No, you’re not nuts.

But odds are, your yard is currently covered with them.

Margaret Cramer, of Galloway Township, can walk across her lawn without touching the ground.

Diane Woods, of Mays Landing, used snow shovels to scoop them up, filling two trash cans in the process.

They are acorns. And this year, it’s a bumper crop.

It’s what is called a “mast year” for the tiny nut, as South Jersey oak trees produce an over-abundance of acorns this fall. Bombarded homeowners are trying to keep up, and wondering if the acorn invasion foretells what type of winter may be in store.

“Most years, there are relatively few acorns,” said Marc Abrams, professor of forestry at Penn State University. “But every three to five years, when a mast year occurs, oaks can produce as much as 10 to 20 times the average output of acorns.”

Abrams says oak trees are irregular in their seeding, and remain mysterious in many ways. A mix of both genetic and weather factors determine a mast year, which make them inherently difficult to predict.

Why produce such an abundance every few years? Abrams says it’s to ensure the future of the oak population. Producing an excess ensures that acorns will be left over after animals are done feeding on them.

This autumn’s mast year may be unique, however. Abrams explains that each type of oak tree — such as red, white or scarlet oaks — has independent cycles for acorn production. He speculates that this year, “multiple types of oak trees are all having mast years.” The coinciding mast years increase the acorn surplus exponentially.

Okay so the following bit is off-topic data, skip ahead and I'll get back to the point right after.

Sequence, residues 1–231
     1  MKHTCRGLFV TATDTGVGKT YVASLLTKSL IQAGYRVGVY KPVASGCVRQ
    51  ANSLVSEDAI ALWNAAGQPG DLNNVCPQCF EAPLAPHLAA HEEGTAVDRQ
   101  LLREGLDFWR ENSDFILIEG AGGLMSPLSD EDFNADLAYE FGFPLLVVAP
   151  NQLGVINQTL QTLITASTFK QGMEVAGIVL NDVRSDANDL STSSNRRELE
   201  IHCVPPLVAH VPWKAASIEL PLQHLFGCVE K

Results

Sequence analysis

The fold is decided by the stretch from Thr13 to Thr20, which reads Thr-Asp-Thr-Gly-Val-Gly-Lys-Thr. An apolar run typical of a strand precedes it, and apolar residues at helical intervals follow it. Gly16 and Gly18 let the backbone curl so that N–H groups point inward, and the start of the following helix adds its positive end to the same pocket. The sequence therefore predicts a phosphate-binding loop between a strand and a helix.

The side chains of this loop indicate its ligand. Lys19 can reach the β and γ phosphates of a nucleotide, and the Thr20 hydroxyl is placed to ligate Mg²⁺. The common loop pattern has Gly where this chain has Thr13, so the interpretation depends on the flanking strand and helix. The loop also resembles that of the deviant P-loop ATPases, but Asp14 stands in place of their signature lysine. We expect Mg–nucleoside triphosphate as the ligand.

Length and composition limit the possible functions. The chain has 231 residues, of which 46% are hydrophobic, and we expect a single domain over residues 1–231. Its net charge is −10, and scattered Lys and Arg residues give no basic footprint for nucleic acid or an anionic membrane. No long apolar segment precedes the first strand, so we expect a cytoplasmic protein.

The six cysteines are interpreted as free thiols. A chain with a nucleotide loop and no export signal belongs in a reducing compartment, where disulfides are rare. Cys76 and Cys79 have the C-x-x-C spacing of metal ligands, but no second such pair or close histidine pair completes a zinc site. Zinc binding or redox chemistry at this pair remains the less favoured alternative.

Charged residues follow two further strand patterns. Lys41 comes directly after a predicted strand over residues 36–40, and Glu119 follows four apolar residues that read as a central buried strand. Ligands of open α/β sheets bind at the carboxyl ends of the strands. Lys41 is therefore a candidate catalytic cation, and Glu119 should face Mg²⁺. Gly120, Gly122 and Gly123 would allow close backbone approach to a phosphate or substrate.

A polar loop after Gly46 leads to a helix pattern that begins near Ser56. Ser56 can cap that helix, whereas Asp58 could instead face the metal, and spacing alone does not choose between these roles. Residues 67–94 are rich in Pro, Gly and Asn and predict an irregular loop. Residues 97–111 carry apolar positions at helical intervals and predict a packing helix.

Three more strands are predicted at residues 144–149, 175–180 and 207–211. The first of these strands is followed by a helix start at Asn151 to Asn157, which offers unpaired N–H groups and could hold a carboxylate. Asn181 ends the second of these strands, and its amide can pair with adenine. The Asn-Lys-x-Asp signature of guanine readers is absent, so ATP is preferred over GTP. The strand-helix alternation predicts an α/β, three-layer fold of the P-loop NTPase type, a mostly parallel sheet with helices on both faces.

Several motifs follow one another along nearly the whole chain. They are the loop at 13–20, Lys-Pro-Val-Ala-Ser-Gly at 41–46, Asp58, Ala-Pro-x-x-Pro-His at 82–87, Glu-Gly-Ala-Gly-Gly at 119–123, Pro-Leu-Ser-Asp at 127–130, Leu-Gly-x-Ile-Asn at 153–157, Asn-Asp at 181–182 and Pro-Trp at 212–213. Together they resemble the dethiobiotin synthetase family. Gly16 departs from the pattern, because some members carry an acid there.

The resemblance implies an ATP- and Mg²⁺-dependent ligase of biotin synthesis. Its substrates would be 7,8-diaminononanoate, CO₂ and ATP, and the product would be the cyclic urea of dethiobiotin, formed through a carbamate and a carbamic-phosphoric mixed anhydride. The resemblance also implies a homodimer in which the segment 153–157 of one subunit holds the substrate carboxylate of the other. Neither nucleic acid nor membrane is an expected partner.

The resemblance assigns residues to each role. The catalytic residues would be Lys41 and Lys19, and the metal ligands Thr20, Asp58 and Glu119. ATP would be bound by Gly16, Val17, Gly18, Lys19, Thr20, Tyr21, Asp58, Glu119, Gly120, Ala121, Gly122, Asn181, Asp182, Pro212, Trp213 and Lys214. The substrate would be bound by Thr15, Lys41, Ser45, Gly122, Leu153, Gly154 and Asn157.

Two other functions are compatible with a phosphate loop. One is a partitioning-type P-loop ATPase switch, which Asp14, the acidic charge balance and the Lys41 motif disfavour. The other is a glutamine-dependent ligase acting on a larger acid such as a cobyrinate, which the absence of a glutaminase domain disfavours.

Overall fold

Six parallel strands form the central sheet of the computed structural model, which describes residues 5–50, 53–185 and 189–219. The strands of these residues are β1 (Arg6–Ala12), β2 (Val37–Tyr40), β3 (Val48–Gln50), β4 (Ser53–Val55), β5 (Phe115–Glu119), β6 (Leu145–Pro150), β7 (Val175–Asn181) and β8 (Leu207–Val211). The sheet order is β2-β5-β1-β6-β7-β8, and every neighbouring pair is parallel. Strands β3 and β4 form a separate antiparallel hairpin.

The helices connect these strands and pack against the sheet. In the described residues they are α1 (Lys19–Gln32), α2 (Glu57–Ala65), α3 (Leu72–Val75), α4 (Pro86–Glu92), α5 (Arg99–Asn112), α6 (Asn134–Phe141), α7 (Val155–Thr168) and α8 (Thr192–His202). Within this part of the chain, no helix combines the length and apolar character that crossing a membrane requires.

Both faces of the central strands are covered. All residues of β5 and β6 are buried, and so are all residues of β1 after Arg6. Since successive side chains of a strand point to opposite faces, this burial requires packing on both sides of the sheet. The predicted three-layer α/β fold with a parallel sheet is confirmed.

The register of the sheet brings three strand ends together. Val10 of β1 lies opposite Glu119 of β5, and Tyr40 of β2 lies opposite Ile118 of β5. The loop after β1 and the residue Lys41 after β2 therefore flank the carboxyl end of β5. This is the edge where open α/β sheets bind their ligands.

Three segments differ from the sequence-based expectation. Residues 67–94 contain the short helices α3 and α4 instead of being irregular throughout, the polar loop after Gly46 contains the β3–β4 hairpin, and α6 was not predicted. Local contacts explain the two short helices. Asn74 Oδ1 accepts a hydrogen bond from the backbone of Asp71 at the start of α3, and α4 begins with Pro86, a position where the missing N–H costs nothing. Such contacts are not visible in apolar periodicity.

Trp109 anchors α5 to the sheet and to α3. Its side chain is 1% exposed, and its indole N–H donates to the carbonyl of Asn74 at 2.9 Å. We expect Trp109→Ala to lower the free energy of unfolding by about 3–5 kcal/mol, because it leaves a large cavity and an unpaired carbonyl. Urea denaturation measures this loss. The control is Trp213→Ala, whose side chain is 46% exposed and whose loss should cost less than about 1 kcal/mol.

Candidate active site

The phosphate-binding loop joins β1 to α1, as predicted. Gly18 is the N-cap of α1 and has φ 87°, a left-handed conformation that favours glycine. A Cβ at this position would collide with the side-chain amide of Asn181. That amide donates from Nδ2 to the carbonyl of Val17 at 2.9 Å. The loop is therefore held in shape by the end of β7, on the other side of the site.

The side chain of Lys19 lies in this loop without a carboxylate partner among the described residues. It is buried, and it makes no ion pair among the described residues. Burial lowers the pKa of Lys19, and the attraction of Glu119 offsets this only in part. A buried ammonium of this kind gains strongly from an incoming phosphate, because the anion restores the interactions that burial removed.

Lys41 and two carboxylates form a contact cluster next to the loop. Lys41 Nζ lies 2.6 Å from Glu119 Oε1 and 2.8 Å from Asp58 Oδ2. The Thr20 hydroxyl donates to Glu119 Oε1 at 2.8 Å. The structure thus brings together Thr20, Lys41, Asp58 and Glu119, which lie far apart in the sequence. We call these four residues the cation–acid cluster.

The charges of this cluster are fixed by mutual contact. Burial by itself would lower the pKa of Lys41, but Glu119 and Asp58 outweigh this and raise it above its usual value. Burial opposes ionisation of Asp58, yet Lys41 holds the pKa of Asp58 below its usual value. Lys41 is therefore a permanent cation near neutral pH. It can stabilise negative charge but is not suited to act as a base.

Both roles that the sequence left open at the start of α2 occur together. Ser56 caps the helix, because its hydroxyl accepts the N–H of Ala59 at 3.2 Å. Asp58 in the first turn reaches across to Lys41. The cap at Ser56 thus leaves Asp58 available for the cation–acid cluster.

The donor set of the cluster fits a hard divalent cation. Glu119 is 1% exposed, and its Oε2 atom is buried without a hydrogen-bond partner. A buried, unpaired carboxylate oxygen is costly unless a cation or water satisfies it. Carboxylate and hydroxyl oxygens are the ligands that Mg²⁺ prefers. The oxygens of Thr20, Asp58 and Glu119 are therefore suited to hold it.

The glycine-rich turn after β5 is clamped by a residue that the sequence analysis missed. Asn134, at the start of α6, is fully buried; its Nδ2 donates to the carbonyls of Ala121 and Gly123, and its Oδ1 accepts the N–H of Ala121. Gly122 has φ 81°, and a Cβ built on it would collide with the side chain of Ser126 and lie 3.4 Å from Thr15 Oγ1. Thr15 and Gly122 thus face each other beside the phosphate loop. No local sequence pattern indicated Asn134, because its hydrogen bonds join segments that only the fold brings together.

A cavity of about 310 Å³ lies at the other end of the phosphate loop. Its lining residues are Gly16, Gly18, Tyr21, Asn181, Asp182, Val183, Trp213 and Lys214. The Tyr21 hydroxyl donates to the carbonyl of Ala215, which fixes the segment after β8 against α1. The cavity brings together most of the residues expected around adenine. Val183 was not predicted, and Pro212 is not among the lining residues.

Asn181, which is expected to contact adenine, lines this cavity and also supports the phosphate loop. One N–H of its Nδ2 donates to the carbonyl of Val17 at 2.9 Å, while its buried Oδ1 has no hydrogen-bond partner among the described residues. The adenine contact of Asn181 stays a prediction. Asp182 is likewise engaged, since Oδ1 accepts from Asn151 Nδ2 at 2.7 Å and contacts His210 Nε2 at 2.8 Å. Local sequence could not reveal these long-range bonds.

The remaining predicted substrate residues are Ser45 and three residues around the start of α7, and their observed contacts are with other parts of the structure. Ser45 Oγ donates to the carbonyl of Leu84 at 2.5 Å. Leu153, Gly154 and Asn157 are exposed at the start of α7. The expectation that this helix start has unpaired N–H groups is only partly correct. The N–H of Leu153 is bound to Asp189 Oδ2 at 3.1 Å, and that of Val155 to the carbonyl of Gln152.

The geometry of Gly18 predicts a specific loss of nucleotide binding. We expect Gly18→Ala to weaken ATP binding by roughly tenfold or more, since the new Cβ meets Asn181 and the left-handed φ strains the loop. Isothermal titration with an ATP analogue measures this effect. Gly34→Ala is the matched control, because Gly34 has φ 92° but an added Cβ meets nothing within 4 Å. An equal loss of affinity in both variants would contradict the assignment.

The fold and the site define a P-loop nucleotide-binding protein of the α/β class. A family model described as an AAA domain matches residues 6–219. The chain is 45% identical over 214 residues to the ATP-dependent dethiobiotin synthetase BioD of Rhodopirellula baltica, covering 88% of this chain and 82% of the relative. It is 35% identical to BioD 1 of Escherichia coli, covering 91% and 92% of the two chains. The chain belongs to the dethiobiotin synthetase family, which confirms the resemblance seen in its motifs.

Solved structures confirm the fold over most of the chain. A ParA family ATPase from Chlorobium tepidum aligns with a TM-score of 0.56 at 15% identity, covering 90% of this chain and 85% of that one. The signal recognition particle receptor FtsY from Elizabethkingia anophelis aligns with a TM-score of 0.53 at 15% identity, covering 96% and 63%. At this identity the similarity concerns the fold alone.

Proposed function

Just one large oak tree can produce as many as 10,000 acorns in a mast year.

This year’s warm September has delayed the fall foliage — the color turn is about two weeks behind schedule. Although few leaves have yet to fall, the acorns are keeping homeowners unusually busy.

“We’ve had an unusual number of calls regarding acorns,” said Donna Burger, recycling coordinator for Egg Harbor Township.

Burger says the township has had to refuse collection of some acorn-filled brown bags, which are reserved for leaf collection.

She reminds residents that large piles of acorns should be disposed of with regular trash.

For Kristyn Rommel, of Pine Lake Park, it’s not the pines, but the oaks that have led to a new activity for her children.

“Instead of snowball fights, my kids had acorn wars last weekend,” Rommel explains, even “building forts and all.”

But should snow-loving kids be excited to trade in their acorns for snowballs this winter? Folklore speculates that an acorn abundance in the fall means a long, harsh winter.

But meteorologists and foresters agree that there is no correlation in what type of winter follows a mast year for acorns.

Other ecological consequences do follow, though.

More acorns usually lead to an increase in the populations of squirrels, chipmunks, deer and even mice, all scavengers of this fall’s overly abundant nut.

Abrams explained that “more deer and mice will lead to more ticks, which in turn could lead to an uptick in Lyme disease next spring and summer.”

Until then, the South Jersey forecast calls for scattered showers of acorns and unusually large piles of acorns adorning our streets.

And the chance for some fat, well-fed squirrels next spring.

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